Elitism in the World of Gaming

Elitism in the World of Gaming

Elitism is an ever-present issue ingrained in our communities, and gaming communities are no exception. In fact, they are exceptionally bad for it. Within gaming communities I have witnessed and experienced various types of elitism. And while it’s impossible to cover the true depth of the issue with a single article, I hope this at least sheds some light on it. And perhaps causes people to reflect a little bit about their mindset while gaming.

Gendered elitism (sexism)

A woman sits at a game in an arcade

Photo by Joel Stylis on Unsplash

In gaming communities there’s a common idea that women can’t be as good at video games as men. Some people believe women just don’t game, which can lead to some draining reactions when you’re a woman in gaming.

In online games women will face comments like “we lost because we had a girl,” or “girls can’t play DPS, play support.” And don’t forget my favourite, the very back handed “you’re really good for a girl.” The implications of these are that women just aren’t good at games, and that is a baseless assumption.

Setup elitism (socioeconomics)

A gaming PC lit up with RGB

Photo by Lawrence on Unsplash

When I say set up elitism what I mean is the idea that gamers have to have all the peripherals. It’s an idea commonly found in PC gaming communities, but it’s not exclusive to them. Don’t get me wrong, if you’ve got a sick rig full of colour coordinated RGB and whatnot that’s awesome! But it doesn’t make you any better than someone who doesn’t.

Insane set ups aren’t cheap, and they just aren’t practical for everyone. Despite that fact people face comments like “you need a mechanical keyboard to be a gamer,” or “you need a gaming mouse.” These kinds of comments imply that to be a gamer you need all the gadgets which is untrue. If what you have works for you and you’re happy with it, why change it?

Hardcore gamer elitism

A person sits at an esports competition in Overwatch

Photo by Florian Olivo on Unsplash

Of course everyone has heard the term “filthy casual,” I’ve even used it to describe myself a couple times. And while plenty of people mean it in a joking manner, it doesn’t stop it from being a true mindset for many. There are many people out there (I’m looking at you Reddit forums) who think the types of games someone plays determines someone’s status as a gamer.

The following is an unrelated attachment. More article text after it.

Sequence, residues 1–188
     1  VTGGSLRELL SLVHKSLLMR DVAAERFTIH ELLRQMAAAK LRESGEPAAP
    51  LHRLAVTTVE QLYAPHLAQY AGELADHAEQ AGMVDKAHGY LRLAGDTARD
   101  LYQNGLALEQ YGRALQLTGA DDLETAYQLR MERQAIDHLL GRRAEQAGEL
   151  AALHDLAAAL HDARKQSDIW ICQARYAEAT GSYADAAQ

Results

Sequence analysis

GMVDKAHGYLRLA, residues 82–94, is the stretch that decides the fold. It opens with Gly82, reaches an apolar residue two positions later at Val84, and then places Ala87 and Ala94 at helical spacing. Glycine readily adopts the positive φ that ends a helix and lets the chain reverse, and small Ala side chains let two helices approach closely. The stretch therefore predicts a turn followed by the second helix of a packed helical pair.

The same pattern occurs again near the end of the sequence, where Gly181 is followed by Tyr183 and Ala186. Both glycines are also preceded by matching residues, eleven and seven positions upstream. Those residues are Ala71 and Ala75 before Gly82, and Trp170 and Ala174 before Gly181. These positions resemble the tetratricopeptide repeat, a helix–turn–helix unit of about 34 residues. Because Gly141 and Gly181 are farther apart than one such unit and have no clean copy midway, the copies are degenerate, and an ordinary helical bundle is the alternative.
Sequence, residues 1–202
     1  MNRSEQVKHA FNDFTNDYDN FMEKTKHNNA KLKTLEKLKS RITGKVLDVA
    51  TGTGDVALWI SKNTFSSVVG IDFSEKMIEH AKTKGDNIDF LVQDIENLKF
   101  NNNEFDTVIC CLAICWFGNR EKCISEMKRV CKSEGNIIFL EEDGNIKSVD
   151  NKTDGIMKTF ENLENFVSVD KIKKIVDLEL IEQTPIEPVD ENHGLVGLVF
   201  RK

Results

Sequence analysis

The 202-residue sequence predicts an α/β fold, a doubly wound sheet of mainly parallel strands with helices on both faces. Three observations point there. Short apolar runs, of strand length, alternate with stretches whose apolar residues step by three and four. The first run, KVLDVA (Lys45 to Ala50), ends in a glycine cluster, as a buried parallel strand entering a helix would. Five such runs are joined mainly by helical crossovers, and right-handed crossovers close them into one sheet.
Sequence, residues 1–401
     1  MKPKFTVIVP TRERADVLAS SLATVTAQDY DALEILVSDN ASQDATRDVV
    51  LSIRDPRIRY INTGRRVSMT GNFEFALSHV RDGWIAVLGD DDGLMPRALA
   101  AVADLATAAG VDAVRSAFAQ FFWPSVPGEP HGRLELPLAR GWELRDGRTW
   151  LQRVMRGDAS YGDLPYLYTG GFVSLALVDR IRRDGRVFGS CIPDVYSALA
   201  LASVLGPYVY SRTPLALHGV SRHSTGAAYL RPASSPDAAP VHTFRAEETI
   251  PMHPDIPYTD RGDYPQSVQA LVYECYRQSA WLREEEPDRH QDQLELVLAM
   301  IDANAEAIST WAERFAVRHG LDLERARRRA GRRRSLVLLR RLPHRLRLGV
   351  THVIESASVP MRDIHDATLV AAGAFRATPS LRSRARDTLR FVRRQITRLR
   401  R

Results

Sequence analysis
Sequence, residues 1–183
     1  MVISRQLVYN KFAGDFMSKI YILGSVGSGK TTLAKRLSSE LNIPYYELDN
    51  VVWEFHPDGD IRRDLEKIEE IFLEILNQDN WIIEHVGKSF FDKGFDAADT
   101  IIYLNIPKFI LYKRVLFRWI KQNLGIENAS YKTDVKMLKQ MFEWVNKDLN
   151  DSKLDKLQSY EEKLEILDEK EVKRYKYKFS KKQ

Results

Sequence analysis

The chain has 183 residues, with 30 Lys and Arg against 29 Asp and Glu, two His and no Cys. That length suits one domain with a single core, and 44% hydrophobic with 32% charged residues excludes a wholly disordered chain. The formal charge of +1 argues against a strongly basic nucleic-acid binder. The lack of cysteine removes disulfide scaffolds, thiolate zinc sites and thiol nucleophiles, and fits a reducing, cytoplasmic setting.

It’s this idea that if someone isn’t a hardcore gamer their status as a gamer isn’t as valid. Hardcore gamers can generally be described as someone with vast knowledge and high playtimes, often playing games such as MOBAs, FPS and MMORPGs. But not everyone has time to sink four or five hours a day into a game, or learn every detail about it. Casual and core gamers are valid as gamers.

Platform elitism

Person holds their phone with a game open

Photo by SCREEN POST on Unsplash

There are everlasting console wars between PlayStation and Xbox fans. But that isn’t the only area where platform elitism can be found. Many PC gamers feel they are better than console players. They make comments such as “if they’re on console they must suck,” or “I can’t believe I’m losing to a console player.”

Then there’s the divide between mobile gamers and other platforms. People seem to think mobile gamers are not gamers, or less of gamers. That it’s not a viable type of gaming, but that doesn’t even make sense. And it leads me to my conclusion.

True gamer mindset

Two be people hold PlayStation controllers facing a TV

Photo by JESHOOTS.COM on Unsplash

Three of the four things I’ve mentioned tie back to the idea of a “true gamer.” People have an idea in their head about what a true gamer looks like, and anyone who isn’t that is lesser than them. And it’s this mindset that keeps so many people out of gaming.

I’ve had several friends come up to me and say “I want to get into games, but the community is scary,” and I can’t blame them. New players are often a target for this “true gamer mindset,” and get bullied out. I even get veteran gamers talking to me about how toxic and exclusive gaming can be.

I understand being competitive, I myself am a highly competitive person in all aspects of my life, but being competitive isn’t an excuse for elitism. And I understand being frustrated at new players, I would be lying if I said that I don’t find myself annoyed sometimes. But if that’s the case, help them out, don’t call them a slur and tell them to uninstall. Give genuine, kindly worded suggestions. 

Because here’s the thing, anyone who games is a true gamer. There is no standard. Even while writing this I found people were asking on Reddit and other forums things such as “what makes someone a gamer?” The answer? Play games.

They can be tabletops, RPGs, FPS, mobile, PC, anything. A gamer, by definition, is someone who plays games. So throw out the “true gamer mindset,” and just let people game. No gatekeeping, no shaming, no harassing, just game and let game.

Thanks for joining us at Gamer’s Waypoint! If you enjoyed the piece be sure to share it around! Check out theGamer’s Waypoint Twitter page and ourYouTube Channel.

Have you experienced any of these in your games? Let us know in the comments below. And while you’re here why not check out other barriers in gaming!

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